Tamale Central MP Ibrahim Murtala Mohammed has questioned the principle behind his colleague National Democratic Congress (NDC) MP Samuel Okudzeto Ablakwa’s comments that government must stop giving legislators car loans after the North Tongu MP has benefitted from the tradition twice already.
Mr Ablakwa recently urged his fellow lawmakers, to join forces to compel Finance Minister Ken Ofori-Atta to withdraw the $28-million loan facility he tabled before parliament for approval as car loans for the 275 legislators, which got approved on Thursday, 15 July 2021.
As MPs, Mr Ablakwa wrote on social media, “let us also boldly confront and discontinue the practice of government loans to purchase vehicles for MPs”.
He said: “If the executive branch of government does not have the resources to provide duty vehicles for MPs, as it does for MMDCEs, CEOs of state institutions/SOEs, ministers, judges, civil servants, security services, and so on and so forth, then MPs, who need car loans should be allowed to make their own private car loan arrangements with the banks just as most private-sector workers do”.
That will simply require, he noted, that the “government stop the monthly deductions from MPs’ salaries so we will be free to broker individual car loan deals based on our salary structure, constituency terrain and other personal preferences”.
“I honestly hope many colleague MPs will agree with me so we join forces and get Finance Minister Ken Ofori-Atta to withdraw his MPs’ car loan agreement from Parliament”, he noted.
He bemoaned that “MPs have been deliberately thrown under the bus and subjected to needless opprobrium one too many”.
Fortunately, he pointed out, Speaker Alban Bagbin “has been a longtime advocate for a uniform duty vehicle policy in the public sphere, which does not discriminate between Ministers, MMDCEs, CEOs, Judges and MPs”, adding: “I strongly believe we can count on his support as we pursue this mission”.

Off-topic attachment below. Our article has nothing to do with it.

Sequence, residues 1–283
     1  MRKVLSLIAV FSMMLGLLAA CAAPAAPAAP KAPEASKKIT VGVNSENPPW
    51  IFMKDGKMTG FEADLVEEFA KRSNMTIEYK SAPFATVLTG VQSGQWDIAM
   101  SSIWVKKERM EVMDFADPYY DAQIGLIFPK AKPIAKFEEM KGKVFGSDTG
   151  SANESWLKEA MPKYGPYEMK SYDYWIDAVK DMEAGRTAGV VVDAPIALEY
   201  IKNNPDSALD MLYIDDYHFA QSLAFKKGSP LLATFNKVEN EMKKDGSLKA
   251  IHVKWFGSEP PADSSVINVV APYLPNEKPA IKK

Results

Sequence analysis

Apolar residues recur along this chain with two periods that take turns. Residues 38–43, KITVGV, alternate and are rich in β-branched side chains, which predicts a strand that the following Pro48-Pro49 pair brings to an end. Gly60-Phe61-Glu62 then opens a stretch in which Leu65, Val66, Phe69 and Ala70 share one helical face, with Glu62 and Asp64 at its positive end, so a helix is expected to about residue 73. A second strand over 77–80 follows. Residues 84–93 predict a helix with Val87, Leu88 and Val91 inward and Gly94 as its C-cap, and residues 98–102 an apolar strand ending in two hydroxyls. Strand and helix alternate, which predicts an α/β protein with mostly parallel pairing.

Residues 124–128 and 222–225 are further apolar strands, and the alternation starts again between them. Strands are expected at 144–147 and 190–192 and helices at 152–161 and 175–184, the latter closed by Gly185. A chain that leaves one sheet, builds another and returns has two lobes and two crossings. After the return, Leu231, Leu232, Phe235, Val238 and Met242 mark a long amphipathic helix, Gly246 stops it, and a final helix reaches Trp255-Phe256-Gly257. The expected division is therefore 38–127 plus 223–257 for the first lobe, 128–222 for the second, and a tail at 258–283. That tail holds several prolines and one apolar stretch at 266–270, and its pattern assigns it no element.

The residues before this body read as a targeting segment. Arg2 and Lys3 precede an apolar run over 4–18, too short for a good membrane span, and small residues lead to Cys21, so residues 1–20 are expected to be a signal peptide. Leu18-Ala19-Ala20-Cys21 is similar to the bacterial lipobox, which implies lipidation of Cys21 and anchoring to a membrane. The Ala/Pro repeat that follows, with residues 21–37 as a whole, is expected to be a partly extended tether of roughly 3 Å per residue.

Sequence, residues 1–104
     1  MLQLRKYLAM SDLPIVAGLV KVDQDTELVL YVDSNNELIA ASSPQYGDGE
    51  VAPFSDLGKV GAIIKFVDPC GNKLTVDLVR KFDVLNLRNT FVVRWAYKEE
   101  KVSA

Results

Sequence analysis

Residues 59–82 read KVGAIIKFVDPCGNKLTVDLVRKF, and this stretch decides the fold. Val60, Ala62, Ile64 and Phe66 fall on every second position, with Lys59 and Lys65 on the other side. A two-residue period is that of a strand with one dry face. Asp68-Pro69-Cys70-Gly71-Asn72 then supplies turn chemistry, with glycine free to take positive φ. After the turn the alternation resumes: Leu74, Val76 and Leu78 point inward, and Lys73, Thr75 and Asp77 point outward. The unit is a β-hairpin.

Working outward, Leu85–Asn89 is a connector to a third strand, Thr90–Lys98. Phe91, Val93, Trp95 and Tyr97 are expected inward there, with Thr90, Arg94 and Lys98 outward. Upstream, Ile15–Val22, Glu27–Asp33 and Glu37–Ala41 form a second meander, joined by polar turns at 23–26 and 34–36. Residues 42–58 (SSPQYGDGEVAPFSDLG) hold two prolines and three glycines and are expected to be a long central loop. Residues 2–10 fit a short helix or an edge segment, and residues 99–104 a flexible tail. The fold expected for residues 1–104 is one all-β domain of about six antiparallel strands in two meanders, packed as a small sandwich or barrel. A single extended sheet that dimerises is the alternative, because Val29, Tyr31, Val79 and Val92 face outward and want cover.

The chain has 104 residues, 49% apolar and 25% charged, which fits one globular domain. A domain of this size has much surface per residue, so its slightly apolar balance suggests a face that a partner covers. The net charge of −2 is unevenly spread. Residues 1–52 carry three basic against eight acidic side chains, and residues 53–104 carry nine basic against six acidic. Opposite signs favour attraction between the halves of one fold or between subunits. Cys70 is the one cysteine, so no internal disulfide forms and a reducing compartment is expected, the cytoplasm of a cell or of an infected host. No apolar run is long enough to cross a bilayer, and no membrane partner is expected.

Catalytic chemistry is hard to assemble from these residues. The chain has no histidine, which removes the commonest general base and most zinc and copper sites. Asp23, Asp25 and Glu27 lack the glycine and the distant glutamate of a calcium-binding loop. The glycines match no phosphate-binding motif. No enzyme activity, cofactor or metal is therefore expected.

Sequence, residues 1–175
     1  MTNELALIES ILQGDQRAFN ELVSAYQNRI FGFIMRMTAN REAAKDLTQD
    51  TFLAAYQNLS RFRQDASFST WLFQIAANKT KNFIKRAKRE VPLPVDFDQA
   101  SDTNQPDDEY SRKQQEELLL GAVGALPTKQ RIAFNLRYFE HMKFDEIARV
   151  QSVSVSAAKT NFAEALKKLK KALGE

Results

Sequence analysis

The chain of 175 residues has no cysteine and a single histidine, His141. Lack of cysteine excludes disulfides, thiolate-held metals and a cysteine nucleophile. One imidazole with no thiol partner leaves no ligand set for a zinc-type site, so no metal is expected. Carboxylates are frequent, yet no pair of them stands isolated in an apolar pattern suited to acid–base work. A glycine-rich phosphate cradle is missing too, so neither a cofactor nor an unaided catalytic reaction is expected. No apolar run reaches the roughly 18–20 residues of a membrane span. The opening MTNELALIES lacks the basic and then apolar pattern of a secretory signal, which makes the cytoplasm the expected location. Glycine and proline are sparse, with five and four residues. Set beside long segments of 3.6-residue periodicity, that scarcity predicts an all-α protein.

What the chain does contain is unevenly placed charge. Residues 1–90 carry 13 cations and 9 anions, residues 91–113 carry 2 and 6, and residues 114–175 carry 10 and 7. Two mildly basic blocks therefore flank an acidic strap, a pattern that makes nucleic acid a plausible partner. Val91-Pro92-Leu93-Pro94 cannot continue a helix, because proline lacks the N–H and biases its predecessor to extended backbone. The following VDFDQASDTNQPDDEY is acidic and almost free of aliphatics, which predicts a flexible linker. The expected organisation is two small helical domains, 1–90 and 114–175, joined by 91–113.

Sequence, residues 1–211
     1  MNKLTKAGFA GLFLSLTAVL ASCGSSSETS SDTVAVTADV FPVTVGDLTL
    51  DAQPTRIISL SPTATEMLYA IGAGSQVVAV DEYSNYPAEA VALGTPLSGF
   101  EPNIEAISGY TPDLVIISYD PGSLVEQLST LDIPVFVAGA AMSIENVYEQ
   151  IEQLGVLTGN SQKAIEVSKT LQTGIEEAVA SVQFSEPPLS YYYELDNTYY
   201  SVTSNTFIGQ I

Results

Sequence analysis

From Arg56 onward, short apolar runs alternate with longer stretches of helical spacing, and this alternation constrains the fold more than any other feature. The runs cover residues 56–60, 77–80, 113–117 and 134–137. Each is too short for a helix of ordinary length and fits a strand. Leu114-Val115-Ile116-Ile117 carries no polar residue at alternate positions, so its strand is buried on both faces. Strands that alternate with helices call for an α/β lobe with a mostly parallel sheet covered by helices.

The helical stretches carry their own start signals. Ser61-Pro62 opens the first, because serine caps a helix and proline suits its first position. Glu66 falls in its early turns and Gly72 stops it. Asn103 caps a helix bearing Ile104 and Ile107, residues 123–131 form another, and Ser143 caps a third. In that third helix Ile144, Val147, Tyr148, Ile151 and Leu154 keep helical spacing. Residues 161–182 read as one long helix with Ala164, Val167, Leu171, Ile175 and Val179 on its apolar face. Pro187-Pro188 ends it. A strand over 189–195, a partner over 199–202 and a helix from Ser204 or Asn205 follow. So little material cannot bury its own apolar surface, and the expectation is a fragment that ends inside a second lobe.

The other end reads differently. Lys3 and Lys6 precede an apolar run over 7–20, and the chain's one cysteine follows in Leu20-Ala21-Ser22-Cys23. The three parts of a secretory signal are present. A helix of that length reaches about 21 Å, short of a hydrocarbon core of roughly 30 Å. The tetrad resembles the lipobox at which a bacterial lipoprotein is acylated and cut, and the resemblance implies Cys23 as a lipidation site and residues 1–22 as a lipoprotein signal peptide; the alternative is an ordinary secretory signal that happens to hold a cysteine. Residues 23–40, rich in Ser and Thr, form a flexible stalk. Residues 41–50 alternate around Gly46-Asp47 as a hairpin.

Mr Ablakwa said “deep reflection is needed on just how long the political class can keep stoking the anger levels of the masses beyond a boiling point?”
“We must not underestimate the people’s grave revulsion and its volcanic consequences on the stability and sustainability of our democracy”, he warned.
“Time to adopt a totally new and sincere paradigm”, the MP suggested.
Mr Murtala Mohammed is, however, not the least impressed with Mr Ablakwa’s comments.
He told Joy Prime on Thursday: “He [Ablakwa] has gotten two cars, and a new MP, who is coming, who doesn’t even have a motorbike, whose constituency is farther than his, whose constituency is broader than his, who also needs to discharge his responsibilities by being mobile … should not be given a car? Let us get serious in this country.”
“This is not a principle”, Mr Mohammed said, adding that if it were, “then he [Ablakwa] should return the other two cars.”
“Okudzeto is not just a colleague Member of Parliament”, he noted, pointing out that the two of them “have come a very long way” but insisted: “He has taken the loan two times”.
“I went to parliament with him [at] the same time when he took the car loan. In the Seventh Parliament, I wasn’t there but he took the loan”, Mr Mohammed said.
“So, where is the principle in this? Since when did he realise that taking the car was unconscionable? Who is he trying to deceive?” he wondered.
“This is not a principled position”, the opposition lawmaker emphasised, recounting: “I remember [being] in the Coffee Shop [when] he called me while he was standing with the contact person of one of the companies and he was asking me whether I will take my car from that company. So, where is the principle in this? Since when did he realise that taking the car is unconscionable?”